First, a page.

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Matthew Boling, high school track phenom, chooses summer meets

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Matthew Boling, the Texan who ran the fastest all-conditions 100m in high school history, plans to compete in next month’s USATF U20 Outdoor Championships and, should he make the national team, the Pan American U20 Championships in July, his coach said Tuesday.

Boling does not plan to compete in the senior USATF Outdoor Championships, which are one week after the Pan American U20 Championships.

“That’s a place where he can go and be successful, not be thrown to the wolves,” Houston Strake Jesuit coach Chad Collier said of U20 competition versus senior nationals. “He has an opportunity to get on the [medal] stand in several events, then get a chance to go to the University of Georgia, be a freshman, be a college student.”

The USATF U20 Outdoor Championships air on USATF.tv+ for subscribers from June 21-23. Boling is on the qualifiers list in the 100m, 200m and long jump.

Boling, who turns 19 on June 20, is eligible to compete at senior nationals. He qualified in the 100m on May 11 by clocking a wind-legal 10.13 seconds at his state championships (one of the fastest, but not the fastest time by a U.S. high schooler in history).

Boling first garnered internet buzz by running 9.98 on April 27, though that was with a 4.2 meter/second tailwind, more than twice the legal limit (breaking Trayvon Bromell‘s record for the fastest 100m by a high schooler regardless of wind reading). The time converted to around a 10.16 in still conditions.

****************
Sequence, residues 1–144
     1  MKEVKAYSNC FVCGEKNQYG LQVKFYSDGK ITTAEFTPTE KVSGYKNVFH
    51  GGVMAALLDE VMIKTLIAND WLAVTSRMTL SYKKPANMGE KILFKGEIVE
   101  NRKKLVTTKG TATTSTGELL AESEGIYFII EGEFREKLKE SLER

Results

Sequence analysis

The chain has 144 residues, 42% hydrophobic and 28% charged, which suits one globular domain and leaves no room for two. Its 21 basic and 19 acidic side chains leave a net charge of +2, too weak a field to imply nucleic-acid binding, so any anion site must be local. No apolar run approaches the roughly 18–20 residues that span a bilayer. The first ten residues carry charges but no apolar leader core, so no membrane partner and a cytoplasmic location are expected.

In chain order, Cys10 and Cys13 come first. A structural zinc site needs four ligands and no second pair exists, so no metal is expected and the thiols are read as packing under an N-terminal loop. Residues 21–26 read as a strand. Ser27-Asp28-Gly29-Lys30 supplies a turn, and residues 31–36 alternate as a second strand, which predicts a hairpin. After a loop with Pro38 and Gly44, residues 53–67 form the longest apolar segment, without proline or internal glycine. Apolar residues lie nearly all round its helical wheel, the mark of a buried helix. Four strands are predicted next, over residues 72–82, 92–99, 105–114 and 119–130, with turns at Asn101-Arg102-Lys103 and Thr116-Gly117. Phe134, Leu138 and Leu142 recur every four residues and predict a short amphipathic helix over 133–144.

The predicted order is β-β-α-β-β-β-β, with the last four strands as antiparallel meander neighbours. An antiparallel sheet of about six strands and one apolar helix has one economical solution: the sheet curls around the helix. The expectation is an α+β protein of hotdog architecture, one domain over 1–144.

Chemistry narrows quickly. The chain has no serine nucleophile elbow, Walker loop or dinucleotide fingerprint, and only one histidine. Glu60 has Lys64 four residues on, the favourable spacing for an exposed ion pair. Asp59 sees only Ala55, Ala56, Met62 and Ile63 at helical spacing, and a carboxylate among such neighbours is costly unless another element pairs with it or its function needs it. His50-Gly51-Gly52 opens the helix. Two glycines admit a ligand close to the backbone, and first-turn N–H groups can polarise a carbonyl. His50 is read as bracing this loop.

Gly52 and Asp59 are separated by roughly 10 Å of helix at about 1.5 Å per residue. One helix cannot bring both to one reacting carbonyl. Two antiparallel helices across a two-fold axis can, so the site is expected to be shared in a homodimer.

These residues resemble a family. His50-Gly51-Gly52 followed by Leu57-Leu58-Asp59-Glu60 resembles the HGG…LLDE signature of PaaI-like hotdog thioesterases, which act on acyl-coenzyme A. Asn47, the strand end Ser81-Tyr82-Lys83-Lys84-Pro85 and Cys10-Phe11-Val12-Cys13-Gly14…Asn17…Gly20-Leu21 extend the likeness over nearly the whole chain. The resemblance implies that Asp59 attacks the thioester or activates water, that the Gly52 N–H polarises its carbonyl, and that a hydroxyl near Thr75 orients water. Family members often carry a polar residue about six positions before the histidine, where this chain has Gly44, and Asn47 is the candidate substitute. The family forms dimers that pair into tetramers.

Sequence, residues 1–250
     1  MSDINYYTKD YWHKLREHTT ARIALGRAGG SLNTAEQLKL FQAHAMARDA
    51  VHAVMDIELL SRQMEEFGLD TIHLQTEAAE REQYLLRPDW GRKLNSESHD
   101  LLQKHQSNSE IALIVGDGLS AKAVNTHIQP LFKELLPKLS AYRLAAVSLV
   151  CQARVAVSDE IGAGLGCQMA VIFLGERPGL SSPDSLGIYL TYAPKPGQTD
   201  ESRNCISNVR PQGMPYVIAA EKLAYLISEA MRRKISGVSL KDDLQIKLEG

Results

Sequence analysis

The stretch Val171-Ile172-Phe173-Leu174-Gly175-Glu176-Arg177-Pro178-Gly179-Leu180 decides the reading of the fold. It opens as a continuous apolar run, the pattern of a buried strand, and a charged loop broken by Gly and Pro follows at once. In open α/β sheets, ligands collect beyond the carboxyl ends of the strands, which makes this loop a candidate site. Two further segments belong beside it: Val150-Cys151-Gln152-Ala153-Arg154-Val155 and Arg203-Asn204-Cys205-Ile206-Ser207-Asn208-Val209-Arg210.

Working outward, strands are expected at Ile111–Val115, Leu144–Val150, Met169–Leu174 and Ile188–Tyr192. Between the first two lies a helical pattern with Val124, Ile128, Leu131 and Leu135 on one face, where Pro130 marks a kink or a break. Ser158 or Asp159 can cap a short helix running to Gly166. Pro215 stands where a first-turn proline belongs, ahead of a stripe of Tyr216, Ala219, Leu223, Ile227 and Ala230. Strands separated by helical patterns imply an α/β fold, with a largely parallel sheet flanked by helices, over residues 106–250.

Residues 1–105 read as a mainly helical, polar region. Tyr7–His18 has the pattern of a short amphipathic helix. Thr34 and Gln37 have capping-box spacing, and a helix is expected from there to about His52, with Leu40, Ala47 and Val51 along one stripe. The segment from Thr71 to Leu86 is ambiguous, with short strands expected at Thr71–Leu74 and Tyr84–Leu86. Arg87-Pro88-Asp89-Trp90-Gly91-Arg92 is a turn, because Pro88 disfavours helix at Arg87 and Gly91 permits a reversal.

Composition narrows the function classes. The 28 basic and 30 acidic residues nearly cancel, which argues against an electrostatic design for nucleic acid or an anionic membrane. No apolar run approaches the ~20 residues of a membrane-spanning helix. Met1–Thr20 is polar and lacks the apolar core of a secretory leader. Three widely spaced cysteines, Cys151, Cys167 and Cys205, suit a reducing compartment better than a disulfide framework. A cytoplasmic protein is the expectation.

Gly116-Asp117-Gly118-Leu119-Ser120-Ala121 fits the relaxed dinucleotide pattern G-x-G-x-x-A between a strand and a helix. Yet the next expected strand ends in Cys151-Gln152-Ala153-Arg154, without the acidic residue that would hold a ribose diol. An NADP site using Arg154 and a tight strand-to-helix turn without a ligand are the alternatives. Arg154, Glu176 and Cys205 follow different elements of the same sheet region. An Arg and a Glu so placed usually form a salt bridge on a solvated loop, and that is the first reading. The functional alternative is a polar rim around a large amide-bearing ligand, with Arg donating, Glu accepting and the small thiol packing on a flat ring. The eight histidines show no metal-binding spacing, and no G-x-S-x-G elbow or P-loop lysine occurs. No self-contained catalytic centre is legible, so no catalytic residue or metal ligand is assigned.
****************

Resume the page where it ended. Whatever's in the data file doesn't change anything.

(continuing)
Boling ranks tied for 14th in the U.S. in the 100m this year, according to the IAAF. The top six at senior nationals are likely to make the world championships 4x100m team.

Boling may be a better long jumper. He ranks fifth in the U.S. in that event this season, having leaped 8.01 meters.

Boling also split a 44.75 on a 4x400m relay on May 11, which would rank sixth in the U.S. this year for the individual 400m, though relay splits are faster than times off flat starts.

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Richard Callaghan, figure skating coach, banned for life

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Richard Callaghan, a figure skating coach best known for helping Tara Lipinski earn 1998 Olympic gold, was ruled permanently ineligible for violations including sexual misconduct involving a minor.

Callaghan can still appeal the sexual misconduct violation, according to the U.S. Center for SafeSport, a watchdog for U.S. Olympic sports organizations that updated Callaghan’s status Wednesday.

He was first suspended in March 2018 pending an investigation into allegations first made against him more than 20 years ago.

Earlier this month, another former skater, Adam Schmidt, said in a lawsuit that he was sexually molested as a teenager by Callaghan starting in 1999.

Callaghan was previously accused of sexual misconduct in April 1999 by Craig Maurizi, one of his former students and later an assistant to him in San Diego and Detroit.

Maurizi told The New York Times that Callaghan had engaged in inappropriate sexual contact with him beginning when he was 15 years old. The alleged misconduct had begun nearly 20 years earlier. Callaghan denied the allegations.

In March 2018, Callaghan told ABC News: “That’s 19 or 20 years ago. I have nothing to say.”